Hospital limits caregivers in ERs with surge in COVID patients

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The census board in the emergency department at CEEH in April 2020

Care partners in Lambton’s ERs limited to one parent or helpers for critically ill, disabled, cognitively impaired

Hospitals in Lambton are seeing so many people coming to the emergency department with COVID-19 symptoms, it’s limiting who can accompany someone who is sick into the hospital.

Bluewater Health says 20 per cent more patients are coming through the doors of the Sarnia emergency department right now. The situation is similar at Charlotte Eleanor Englehart Hospital in Petrolia. In both areas, hospital staff is having a hard time maintaining the proper amount of distance between people in care.

So, the hospital is limiting the caregivers who can enter the ER.

Officials announced Thursday they are limiting one designated care partner to children and the critically ill, disabled or cognitively challenged patients only. Anyone else will have to come into the emergency department on their own.

In Lambton right now, there are 582 people ill with COVID-19. Lambton Public Health reported Thursday another 100 people had tested positive for the virus. Fifty people are now listed as recovered. There are three outbreaks in Lambton including one at Rosewood Retirement Village where cases have been reported among both staff and residents.

The rapid rise of COVID-19 cases fuelled by the Omnicron variant in Lambton County is similar to what is happening across the province. Today, health officials said there were 13,087 new COVID-19 cases reported in Ontario with the number of people critically ill with COVID-19 and in intensive care now at 200.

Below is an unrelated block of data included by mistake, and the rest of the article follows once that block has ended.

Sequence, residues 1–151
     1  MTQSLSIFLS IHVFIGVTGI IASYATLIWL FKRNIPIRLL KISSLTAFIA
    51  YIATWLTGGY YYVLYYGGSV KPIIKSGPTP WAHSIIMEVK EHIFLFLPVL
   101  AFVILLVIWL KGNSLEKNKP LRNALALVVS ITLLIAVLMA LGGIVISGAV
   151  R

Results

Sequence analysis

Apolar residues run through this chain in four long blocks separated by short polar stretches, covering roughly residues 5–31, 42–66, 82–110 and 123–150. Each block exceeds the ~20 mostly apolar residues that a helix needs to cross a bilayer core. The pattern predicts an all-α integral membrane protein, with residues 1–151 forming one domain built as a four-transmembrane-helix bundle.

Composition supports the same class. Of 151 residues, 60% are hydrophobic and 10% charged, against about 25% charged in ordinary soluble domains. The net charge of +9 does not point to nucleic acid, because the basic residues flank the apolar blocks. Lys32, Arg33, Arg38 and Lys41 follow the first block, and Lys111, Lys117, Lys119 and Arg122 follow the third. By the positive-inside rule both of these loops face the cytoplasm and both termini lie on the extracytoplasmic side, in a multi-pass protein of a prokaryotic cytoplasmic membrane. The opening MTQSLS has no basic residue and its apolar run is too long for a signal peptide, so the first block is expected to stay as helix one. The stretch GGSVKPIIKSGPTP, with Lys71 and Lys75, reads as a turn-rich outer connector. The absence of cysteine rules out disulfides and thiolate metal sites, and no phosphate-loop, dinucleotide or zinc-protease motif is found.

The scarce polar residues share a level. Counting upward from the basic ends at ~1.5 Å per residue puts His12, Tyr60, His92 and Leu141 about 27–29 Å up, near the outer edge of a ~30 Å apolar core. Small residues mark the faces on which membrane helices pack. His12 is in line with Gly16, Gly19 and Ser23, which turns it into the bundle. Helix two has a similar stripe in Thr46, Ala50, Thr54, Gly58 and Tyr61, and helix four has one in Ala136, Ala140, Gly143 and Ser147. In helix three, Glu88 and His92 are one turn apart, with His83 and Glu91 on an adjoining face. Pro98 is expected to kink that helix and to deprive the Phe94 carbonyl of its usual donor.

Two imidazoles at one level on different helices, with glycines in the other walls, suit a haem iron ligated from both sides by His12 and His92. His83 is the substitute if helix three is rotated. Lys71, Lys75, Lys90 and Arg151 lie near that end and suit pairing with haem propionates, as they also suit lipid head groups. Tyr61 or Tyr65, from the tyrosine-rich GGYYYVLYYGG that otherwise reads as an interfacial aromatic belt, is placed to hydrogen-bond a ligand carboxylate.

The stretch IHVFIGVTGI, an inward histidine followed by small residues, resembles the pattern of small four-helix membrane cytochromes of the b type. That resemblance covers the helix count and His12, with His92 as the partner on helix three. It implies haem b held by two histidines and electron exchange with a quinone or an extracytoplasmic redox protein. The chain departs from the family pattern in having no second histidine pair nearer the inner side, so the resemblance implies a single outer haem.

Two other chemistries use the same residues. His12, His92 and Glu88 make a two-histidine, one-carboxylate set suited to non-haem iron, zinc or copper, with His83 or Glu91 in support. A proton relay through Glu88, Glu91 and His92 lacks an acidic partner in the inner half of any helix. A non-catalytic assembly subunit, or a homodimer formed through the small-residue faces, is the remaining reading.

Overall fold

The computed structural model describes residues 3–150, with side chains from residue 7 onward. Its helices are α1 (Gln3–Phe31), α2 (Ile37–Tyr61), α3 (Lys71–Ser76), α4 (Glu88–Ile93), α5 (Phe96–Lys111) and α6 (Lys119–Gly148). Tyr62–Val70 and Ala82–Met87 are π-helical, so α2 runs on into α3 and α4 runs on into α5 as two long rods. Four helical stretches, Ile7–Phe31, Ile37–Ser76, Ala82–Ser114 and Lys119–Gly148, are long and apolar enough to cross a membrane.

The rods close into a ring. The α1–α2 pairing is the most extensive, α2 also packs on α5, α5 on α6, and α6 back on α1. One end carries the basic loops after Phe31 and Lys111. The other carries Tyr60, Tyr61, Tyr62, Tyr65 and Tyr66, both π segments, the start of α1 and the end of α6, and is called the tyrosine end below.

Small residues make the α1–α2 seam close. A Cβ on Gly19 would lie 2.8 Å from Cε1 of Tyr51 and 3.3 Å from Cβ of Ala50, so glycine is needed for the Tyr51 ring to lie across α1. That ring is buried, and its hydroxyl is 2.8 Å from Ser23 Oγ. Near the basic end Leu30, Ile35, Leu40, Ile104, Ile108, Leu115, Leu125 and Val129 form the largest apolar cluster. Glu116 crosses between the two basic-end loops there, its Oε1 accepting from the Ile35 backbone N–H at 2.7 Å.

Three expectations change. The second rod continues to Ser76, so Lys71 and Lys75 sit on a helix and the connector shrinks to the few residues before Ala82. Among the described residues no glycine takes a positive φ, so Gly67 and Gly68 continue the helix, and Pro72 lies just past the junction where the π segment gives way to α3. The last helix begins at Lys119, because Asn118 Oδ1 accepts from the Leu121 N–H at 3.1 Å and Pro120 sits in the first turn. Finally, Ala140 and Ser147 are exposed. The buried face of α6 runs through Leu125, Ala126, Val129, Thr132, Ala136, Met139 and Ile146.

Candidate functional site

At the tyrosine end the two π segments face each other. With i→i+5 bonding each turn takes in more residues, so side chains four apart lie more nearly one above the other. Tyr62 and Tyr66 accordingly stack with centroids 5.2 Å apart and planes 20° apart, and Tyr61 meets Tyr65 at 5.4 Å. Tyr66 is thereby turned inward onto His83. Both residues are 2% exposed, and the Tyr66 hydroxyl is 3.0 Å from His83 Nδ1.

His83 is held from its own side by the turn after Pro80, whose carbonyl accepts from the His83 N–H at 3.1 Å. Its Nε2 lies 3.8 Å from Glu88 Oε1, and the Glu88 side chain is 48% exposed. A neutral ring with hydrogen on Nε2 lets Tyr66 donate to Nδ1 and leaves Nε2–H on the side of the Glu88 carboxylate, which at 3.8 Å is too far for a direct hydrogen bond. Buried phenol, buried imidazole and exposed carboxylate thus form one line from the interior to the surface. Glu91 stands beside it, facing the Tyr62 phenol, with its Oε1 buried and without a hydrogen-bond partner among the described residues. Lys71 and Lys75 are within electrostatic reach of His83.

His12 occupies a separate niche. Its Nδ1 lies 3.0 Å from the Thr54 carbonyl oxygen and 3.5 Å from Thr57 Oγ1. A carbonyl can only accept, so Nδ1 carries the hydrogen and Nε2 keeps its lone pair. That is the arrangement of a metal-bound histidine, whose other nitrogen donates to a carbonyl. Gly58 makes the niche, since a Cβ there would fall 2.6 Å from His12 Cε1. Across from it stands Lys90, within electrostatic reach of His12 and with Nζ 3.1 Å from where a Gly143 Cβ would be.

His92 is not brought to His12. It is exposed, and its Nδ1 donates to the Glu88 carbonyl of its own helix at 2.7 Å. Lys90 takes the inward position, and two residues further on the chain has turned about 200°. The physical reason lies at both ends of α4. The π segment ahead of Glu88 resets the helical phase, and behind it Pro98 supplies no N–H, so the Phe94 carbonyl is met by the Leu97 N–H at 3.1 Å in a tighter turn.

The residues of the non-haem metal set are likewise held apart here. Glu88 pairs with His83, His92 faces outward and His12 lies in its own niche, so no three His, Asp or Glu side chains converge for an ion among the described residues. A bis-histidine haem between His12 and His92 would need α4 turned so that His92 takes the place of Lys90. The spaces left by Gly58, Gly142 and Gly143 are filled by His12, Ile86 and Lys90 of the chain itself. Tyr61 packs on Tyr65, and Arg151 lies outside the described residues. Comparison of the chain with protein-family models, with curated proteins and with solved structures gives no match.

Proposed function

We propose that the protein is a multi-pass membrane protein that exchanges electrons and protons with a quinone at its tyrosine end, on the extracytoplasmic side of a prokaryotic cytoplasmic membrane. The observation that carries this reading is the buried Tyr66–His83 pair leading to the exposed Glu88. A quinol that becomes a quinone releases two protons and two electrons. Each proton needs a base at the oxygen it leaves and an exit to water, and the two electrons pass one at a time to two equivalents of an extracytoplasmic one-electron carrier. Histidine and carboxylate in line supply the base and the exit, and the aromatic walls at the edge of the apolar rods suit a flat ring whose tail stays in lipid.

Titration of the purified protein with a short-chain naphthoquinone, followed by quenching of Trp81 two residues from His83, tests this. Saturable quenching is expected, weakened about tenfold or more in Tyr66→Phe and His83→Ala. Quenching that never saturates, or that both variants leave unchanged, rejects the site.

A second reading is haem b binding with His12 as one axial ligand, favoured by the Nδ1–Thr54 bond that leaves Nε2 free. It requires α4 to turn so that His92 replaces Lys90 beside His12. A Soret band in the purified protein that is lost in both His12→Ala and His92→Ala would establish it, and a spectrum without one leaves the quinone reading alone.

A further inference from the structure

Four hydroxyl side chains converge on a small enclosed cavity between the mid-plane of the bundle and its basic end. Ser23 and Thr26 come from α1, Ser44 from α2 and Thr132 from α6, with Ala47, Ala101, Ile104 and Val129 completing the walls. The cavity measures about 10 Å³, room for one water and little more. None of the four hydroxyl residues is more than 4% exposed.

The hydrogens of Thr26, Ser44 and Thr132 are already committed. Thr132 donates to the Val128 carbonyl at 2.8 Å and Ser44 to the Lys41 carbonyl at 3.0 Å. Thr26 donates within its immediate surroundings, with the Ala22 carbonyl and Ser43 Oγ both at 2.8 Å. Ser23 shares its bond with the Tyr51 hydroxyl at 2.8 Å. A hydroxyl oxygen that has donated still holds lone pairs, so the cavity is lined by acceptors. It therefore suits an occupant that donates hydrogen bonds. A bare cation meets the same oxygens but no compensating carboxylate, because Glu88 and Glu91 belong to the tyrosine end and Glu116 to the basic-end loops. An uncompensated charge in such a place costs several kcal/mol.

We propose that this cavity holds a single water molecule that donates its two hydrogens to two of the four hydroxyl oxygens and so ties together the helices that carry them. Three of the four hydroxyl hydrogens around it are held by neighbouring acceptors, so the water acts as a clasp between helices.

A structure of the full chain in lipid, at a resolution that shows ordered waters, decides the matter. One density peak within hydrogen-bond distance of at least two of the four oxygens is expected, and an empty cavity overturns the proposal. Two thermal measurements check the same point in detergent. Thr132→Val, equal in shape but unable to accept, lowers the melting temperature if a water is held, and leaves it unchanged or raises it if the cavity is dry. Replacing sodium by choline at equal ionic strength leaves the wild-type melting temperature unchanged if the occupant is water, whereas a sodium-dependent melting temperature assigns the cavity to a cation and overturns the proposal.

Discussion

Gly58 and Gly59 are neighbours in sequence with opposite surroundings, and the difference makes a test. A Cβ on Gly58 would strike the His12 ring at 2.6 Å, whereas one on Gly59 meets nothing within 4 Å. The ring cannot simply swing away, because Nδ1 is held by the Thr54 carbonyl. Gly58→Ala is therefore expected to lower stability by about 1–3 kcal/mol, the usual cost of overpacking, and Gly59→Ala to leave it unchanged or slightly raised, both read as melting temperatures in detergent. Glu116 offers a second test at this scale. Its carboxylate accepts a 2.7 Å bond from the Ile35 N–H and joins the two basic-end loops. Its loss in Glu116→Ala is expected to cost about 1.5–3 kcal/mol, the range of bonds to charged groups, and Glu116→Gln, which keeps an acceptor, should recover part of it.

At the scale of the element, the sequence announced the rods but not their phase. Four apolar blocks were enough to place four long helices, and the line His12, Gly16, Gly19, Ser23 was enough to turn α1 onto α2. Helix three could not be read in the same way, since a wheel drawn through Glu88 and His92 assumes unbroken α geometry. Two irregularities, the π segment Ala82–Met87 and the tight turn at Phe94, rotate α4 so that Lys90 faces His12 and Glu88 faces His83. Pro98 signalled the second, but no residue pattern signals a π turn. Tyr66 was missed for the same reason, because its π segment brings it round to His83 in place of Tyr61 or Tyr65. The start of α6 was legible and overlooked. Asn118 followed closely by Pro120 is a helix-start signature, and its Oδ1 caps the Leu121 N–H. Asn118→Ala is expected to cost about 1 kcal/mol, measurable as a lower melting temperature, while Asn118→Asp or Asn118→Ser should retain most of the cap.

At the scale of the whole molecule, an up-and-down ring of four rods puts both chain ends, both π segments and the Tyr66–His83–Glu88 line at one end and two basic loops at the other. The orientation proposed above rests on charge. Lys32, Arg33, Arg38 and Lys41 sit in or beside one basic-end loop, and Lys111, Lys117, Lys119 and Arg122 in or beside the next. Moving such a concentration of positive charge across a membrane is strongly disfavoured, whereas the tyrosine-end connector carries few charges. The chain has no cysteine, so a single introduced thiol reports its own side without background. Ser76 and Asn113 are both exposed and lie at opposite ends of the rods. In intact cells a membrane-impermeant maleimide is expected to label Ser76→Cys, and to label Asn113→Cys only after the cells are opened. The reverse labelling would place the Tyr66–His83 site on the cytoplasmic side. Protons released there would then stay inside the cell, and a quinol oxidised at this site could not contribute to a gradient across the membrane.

Scientists say the reported numbers don’t accurately reflect how many people now have COVID-19. There are almost 95,000 people waiting to hear the results of their tests right now and with 30 per cent of the people tested being positive, that could mean as many as 28,500 additional cases in the province.

The demand for testing in Lambton is high, even though it is taking some time for tests results to be returned. Sarah Milner is the executive director of the Central Lambton Family Health Team which runs the Wyoming testing center. She says about 100 people are tested at the drive thru station each day right now.

“We also have people that are desperate to get in, so they’re booking at multiple places, and then probably don’t realize the impact of not canceling if they’ve already had a test … then that fills up all the spots in Sarnia-Lambton pretty quickly,” Milner says noting 30 per cent of the spots booked are no-shows.

“When I worked out in Wyoming there was probably about 16 no shows which is unfortunate, because I know people are checking constantly to see if an appointment comes up or like comes available,” says Milner. People need only cancel online or email the Wyoming testing center and then others can book for those tests.

Milner adds the demand in Wyoming isn’t just from Lambton residents.

“We also have because of the demand for testing, particularly in London people are booking maybe week and a half, sometimes two weeks out, we’re getting people from all over right..We get a lot of people from Strathroy, we’ve had people come from Windsor, … it’s access to anyone.”

Ontario’s Chief Medical Officer of Health, Dr. Keiran Moore is making an announcement this afternoon. Milner is hopeful he’ll provide some clear guidance about just who should be getting PCR tests at clinics. Right now, health care workers and those in long term care are being prioritized but anyone can still get a test at a clinic for anything other than travelling.